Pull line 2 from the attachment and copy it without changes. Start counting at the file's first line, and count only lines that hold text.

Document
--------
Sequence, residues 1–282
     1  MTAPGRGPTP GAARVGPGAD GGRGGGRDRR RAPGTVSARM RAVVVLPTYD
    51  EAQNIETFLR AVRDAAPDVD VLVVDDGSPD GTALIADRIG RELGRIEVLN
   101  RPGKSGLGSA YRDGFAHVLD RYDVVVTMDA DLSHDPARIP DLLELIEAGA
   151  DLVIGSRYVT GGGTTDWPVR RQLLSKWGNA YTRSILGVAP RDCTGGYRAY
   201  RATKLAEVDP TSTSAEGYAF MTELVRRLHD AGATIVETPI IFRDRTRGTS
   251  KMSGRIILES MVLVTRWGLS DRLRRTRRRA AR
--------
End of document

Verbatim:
     1  MTAPGRGPTP GAARVGPGAD GGRGGGRDRR RAPGTVSARM RAVVVLPTYD